All my knives are Granton-edged

grinding wheel at Beehive Works, Milton Street.
grinding wheel at Beehive Works, Milton Street.
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I was interested to read Maureen Keeton’s letter on Monday, May 29 in The Star. You say you worked at Wm. Grant & Sons ‘some years ago’, I wonder how long ago that really was? My father was William (Bill) Crookes, a hand grinder with Billy Hogg and Bob Pickering, (he had been their apprentice), Little Mesters of course who were ‘self-employed’ buying their own grinding wheels and paying rent for their working space.

My dad died in 1968 with silicosis, (iron filings on the lungs – a hazard of the job of course), but I well remember the work outings, (through the Mersey Tunnel when it had just been opened), and the booze loaded in the back.

Mr Arnie and Mr Cyril were always there, jovial and paternalistic.

There was a patent on the edge for 25 years and all was well but once it lapsed then there were copies. Some even put the ‘edge’ in the middle of the knife now and I cannot understand the thinking behind this.

My dad was very dismissive of Viners’ cutlery saying it was ‘just stamped out like pastry’. I have never dared purchase such knives or dad would roll in his grave.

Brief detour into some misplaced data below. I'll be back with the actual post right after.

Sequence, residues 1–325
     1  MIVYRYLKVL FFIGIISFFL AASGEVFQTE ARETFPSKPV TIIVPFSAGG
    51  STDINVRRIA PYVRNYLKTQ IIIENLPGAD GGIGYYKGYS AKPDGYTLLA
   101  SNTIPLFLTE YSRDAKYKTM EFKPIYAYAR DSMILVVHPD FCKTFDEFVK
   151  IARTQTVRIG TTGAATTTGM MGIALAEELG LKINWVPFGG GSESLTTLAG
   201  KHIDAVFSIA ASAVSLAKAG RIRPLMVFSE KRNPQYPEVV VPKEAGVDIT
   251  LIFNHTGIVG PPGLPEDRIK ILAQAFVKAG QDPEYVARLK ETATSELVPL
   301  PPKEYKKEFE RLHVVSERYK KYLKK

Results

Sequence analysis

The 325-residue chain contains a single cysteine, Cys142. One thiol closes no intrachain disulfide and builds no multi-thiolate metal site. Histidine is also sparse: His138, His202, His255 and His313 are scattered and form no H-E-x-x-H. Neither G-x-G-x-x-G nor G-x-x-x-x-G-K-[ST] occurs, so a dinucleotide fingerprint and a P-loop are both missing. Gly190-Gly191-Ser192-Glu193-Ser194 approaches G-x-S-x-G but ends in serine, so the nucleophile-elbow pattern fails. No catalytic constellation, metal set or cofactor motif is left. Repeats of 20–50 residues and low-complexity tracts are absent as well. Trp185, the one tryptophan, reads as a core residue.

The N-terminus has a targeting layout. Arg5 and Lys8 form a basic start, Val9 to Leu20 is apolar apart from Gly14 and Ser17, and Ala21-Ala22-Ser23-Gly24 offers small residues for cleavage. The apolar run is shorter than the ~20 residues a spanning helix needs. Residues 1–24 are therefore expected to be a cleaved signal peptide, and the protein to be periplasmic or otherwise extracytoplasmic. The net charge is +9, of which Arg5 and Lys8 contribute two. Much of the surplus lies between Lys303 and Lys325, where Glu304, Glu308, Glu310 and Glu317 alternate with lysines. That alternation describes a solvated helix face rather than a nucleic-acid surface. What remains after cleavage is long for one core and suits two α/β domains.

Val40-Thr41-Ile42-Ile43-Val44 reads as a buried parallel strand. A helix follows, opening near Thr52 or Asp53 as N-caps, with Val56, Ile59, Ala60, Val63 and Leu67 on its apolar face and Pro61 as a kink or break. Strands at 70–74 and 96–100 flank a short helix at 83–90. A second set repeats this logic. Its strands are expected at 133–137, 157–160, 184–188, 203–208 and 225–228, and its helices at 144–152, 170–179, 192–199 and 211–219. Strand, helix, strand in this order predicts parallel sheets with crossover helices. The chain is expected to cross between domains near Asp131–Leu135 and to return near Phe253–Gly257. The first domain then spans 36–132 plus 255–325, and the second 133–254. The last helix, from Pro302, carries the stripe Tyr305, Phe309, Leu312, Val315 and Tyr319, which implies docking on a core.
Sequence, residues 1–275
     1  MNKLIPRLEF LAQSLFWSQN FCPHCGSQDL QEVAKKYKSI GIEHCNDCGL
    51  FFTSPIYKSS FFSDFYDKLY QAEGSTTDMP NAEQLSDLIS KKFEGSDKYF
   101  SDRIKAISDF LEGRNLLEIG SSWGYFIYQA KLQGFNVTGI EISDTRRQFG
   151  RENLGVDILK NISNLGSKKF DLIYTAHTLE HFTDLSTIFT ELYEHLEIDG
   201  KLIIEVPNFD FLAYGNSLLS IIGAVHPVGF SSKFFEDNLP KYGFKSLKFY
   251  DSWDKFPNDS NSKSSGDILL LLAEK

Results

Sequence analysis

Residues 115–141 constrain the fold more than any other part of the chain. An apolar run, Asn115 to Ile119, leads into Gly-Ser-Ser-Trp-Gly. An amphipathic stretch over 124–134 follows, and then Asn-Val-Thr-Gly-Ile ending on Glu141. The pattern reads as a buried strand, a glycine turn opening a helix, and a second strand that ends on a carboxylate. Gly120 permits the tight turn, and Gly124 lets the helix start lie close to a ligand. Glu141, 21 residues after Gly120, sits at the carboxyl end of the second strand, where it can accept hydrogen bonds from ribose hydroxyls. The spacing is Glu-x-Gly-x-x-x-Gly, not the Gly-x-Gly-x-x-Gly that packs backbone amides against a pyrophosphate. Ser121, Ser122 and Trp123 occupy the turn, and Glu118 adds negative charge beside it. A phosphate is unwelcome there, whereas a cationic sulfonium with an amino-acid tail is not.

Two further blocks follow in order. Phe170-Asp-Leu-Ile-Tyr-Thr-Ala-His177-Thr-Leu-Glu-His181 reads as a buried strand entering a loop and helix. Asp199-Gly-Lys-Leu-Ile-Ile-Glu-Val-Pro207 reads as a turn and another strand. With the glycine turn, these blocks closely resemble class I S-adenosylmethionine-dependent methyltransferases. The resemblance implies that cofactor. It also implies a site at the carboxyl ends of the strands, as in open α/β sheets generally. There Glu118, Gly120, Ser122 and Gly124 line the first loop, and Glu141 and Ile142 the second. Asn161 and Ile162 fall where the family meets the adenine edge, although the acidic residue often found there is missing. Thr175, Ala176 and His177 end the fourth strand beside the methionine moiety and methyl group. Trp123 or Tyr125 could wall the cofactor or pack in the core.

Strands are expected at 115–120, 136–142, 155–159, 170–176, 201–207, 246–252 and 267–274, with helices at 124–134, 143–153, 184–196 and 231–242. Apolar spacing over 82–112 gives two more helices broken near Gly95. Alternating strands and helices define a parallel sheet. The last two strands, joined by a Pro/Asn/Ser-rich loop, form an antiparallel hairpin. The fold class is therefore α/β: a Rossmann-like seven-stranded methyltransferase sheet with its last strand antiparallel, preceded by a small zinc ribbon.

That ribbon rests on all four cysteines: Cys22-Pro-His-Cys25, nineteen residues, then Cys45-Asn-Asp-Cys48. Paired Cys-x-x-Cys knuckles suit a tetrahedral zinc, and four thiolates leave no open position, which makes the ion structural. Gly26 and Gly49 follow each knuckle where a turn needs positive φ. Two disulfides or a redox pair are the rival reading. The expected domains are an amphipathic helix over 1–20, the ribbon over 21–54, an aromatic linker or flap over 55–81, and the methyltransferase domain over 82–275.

All my knives are Granton-edged. I even had a Granton-edged fruit knife which they took away from me at Adelaide Airport recently as it was an ‘offensive weapon’. I had carried this successfully for several years to and from Australia and was sad to lose it.

Needless to say they are still all very sharp as they are sharpened on a steel – which I do very slowly – my father was an expert at that and so fast. I have some butcher’s knives and other professional knives wrapped in a newspaper dated 1960s and I cannot give them away as they have wooden handles and butchers etc are not allowed to use them. They all agree they are a work of art but cannot touch them.

I remember visiting my father when I was a child, (I was born in 1943), and him proudly taking me around the works to visit the buffer girls, with their brown paper pinnies and the shop with the leather wheels for buffing up the knives. I remember Joe Wragg in there.

Just wondered if you had any of these memories? I now live in Doncaster and we are happy taking The Star as we used to live in Sheffield of course and love to keep up with the news.

Best wishes and thanks for the memories and the plug for Sheffield Granton knives!

Chris Burley (Mrs)

Melton Road, Sprotbrough, Doncaster, DN5